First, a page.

Another issue to be addressed is found in a Facebook post on ABATE’s page by a former Rider Ed Director on January 30, 2015:
“The Board failed to take effective action, despite these warnings and an organized effort from 2 former state coordinators and ABATE’s Director of Rider Education. This organized effort put pressure on Howard who then manipulated a malleable Board with lies and quarter truths in a successful effort to fire the DRE, who was ABATE’s best chance at re-establishing financial stability.”
It’s the last part of that last sentence I have a problem with. The former DRE referred to was in the office and involved in the various aspects of the organization’s business, including the budgetary process, throughout this ongoing crisis. There is no evidence – in fact, there is evidence to the contrary – that this individual was the ‘best chance at re-establishing financial stability.’ As for further information on this matter, I refer back to my comment that the purpose of this expose is not to lay blame on any one individual. Therefore, I will refrain from addressing certain particulars of many of these issues, except to say here that this individual, while contributing, was by no means the largest part of the problem. I just don’t believe he could have turned things around, having seen no indication of such inclination during the past several years of his employment. I can state with certainty that termination of that individual had been discussed at board meetings (with previous Board members) in prior years and so was not the result of a newly organized effort by the Board that was sitting at the time of his termination. I will also state that in the past years, Howard had defended the DRE to the Board but the Board eventually determined that Howard had inadequate control over that employee. In other words, this was not a new problem but one that had been growing over time.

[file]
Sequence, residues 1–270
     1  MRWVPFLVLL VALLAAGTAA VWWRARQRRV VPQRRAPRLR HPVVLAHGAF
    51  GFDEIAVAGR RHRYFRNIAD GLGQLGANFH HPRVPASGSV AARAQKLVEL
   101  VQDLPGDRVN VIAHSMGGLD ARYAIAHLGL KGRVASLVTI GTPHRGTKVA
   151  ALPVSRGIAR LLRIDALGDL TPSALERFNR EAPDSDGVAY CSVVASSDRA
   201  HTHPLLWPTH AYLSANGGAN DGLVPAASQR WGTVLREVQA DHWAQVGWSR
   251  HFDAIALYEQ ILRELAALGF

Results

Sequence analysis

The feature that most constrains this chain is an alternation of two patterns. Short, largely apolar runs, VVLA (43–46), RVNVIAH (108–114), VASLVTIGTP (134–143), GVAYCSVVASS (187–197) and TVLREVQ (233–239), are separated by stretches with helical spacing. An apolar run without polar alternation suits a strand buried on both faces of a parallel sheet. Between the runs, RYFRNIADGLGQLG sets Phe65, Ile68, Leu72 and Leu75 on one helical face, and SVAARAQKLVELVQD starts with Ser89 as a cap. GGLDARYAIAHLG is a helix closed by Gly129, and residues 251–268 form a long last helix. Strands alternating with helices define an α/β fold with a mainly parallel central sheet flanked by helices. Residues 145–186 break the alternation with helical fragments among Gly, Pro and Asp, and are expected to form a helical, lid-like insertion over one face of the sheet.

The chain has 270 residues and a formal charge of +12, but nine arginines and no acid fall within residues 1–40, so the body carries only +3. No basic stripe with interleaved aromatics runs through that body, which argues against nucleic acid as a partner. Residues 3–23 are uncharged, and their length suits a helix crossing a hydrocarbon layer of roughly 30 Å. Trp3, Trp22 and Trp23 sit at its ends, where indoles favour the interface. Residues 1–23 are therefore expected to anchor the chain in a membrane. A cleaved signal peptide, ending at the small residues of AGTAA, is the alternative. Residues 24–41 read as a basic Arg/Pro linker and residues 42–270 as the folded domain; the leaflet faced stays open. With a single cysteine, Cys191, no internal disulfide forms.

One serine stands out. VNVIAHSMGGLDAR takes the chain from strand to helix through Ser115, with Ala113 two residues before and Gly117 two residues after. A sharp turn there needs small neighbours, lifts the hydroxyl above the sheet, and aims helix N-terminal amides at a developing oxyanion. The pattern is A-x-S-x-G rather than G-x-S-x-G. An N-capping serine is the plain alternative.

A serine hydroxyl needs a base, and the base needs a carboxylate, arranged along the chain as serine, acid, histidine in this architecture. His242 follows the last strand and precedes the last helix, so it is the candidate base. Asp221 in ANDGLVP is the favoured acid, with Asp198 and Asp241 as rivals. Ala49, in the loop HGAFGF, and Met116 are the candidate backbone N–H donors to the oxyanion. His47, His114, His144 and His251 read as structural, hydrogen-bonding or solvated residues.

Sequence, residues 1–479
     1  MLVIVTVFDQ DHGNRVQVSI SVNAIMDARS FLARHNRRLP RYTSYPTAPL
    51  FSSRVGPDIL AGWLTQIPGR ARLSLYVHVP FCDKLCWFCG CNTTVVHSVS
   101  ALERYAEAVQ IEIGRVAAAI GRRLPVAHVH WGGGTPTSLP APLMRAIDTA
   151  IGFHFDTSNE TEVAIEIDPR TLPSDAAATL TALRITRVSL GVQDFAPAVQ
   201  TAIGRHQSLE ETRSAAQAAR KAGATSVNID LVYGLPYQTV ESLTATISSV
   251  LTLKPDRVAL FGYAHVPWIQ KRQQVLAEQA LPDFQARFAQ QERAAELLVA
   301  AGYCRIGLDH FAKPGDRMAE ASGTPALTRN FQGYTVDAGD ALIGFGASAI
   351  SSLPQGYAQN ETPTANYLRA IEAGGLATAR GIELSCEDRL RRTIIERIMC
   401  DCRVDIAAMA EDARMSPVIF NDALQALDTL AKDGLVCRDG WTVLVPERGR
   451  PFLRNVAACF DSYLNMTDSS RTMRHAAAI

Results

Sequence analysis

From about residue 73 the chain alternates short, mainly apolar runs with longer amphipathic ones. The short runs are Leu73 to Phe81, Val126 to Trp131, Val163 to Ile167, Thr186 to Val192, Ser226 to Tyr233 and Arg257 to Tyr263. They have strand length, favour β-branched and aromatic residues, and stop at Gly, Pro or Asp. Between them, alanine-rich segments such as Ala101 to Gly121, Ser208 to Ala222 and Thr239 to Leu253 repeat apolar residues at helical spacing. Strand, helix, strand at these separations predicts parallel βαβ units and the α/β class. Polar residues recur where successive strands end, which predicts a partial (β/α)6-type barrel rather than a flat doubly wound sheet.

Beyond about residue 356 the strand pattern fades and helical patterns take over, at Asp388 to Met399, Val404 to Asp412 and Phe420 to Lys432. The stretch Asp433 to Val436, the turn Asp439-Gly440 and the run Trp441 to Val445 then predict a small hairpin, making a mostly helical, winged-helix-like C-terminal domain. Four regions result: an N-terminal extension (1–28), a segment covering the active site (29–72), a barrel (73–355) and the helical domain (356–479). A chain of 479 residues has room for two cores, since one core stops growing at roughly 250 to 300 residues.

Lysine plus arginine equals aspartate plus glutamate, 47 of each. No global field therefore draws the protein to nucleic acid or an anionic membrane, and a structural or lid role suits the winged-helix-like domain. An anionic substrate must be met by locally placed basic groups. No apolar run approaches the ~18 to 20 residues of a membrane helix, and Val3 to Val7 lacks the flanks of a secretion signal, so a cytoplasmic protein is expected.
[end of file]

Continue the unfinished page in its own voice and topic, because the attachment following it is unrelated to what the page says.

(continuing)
Another issue arises from a statement in the Dandooligan Press also dated January 30, 2015 (the author, by the way, in his January 26th blog, suggests it is “our duty to hold our organizations accountable” [my emphasis] yet is not a member of ABATE but presumes to have the ‘scoop’)
“The State Treasurer starts a financial investigation Sept 4th but requests a loan extension Sept 9th.”
This never happened as was written in that blog or in other letters and comments. The State Treasurer never asked for a loan extension and, in fact, when asked by the State Coordinator if the loan were extended would we be able to make the payments through the winter, replied “I don’t know”. The State Coordinator took it upon herself to extend that loan in order to ensure that employees would be paid in a timely manner. I cannot say for certain that the board was, or was not, informed of the extension prior to the request. I do know for certain that, at the time the loan was extended, no member of the staff knew that the State Coordinator would be terminated, or that charges would be filed against her. It was not until September 17th that the initial decision to suspend the State Coordinator was made, and that decision was based upon statements made by the State Coordinator in the presence of five individuals, of which I was one. That decision was overturned at the September 20th Board meeting after a committee was formed to perform an investigation into the allegations. While it is true that she wasn’t allowed to be in the office during the investigation, it is also true that the committee attempted to make arrangements to meet her at the office on more than one occasion, but she was not available at those times so committee members met her at her home.